Time to Come to Washington

The son of a Kenyan student and a woman from Kansas has become president. I honestly never thought this possible. I thought this day would never come in our lifetime, but it did. I’m still pinching myself.

On Jan. 20, as President Barack Obama delivered his inaugural address, it seemed that the more I listened, the better it got. Here is a leader who wants us to face how serious our situation really is, I thought. Here is a leader who extends an invitation to us to make the hard choice to have hope, which has always been the strength of this nation when facing difficult times. And here is a leader who says this isn’t really about him, but about us and what we decide to do together. Here is a leader who calls for a “new era of responsibility.”

The new president also pledged that the poor of the world would not be abandoned anymore. “To the people of poor nations, we pledge to work alongside you to make your farms flourish and let clean waters flow; to nourish starved bodies and feed hungry minds,” Obama said, extending America’s promise to all, including those at the bottom of the economy.

The inauguration of Barack Obama was a historic event for our nation. Obama’s call for greater sacrifice and service couldn’t be more needed as our nation faces daunting economic challenges and hardships. The deepening economic crisis is leading to record numbers of foreclosures, homelessness, unemployment, and hunger as more and more people fall from jobs into poverty. Our friends at the Center on Budget and Policy Priorities estimate that an additional 9 to 10 million people could fall below the poverty line in the coming year. Recent economic stimulus and bailout measures will help through expanded unemployment insurance, food stamps, and children’s health insurance, and through tax measures such as the Earned Income Tax Credit and the Child Tax Credit. These represent critical stopgap measures, but a more comprehensive set of policies is also desperately needed. The community of faith must continue serving and advocating for those in poverty.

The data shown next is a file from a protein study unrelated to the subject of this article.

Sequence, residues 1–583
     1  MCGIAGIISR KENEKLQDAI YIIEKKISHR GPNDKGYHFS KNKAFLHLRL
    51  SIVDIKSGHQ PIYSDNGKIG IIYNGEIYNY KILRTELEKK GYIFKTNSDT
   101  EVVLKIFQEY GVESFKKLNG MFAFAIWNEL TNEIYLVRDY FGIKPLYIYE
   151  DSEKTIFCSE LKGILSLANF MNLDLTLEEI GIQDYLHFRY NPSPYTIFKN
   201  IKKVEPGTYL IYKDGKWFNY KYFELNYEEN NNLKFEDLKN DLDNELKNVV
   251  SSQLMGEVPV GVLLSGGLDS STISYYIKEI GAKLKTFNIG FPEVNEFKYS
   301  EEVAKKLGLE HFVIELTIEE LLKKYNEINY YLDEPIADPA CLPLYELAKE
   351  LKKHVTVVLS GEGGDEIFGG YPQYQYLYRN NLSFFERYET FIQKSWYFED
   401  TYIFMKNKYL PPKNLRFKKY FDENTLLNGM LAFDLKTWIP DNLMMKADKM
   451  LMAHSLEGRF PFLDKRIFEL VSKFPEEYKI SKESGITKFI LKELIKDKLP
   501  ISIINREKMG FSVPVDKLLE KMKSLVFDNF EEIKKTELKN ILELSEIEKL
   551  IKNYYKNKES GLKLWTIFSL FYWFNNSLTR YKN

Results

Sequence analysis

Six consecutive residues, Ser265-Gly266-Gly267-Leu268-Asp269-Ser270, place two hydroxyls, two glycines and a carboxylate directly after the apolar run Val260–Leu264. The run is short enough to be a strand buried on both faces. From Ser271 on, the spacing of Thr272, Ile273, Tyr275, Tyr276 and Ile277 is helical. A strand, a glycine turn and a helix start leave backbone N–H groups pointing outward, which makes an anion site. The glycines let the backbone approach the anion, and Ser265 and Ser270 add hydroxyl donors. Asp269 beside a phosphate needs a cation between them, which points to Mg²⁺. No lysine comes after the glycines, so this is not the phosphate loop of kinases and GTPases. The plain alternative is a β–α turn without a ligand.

Therefore, I invite you to join us in acting on this call through the Mobilization to End Pover­ty—a historic gathering April 26 to 29 when Christian and other anti-poverty leaders from across the country will engage in a transformative experience of education, worship, community, and activism in Washington, D.C.

The Mobilization, hosted by Sojourners, will include workshops, training sessions, worship, and advocacy work on Capitol Hill, as well as plenary sessions with renowned leaders such as Rep. John Lewis, John Per­kins, Sharon Wat­kins, Tavis Smiley, Jef­frey Sachs, and many others. We have invited Pres­ident Obama to speak at the Mobili­zation about his plans to fight poverty, and we are working with the new administration to confirm his participation. Toge­ther, we will demon­strate our collective resolve to make overcoming poverty and building a just economy top priorities for the public and political agenda.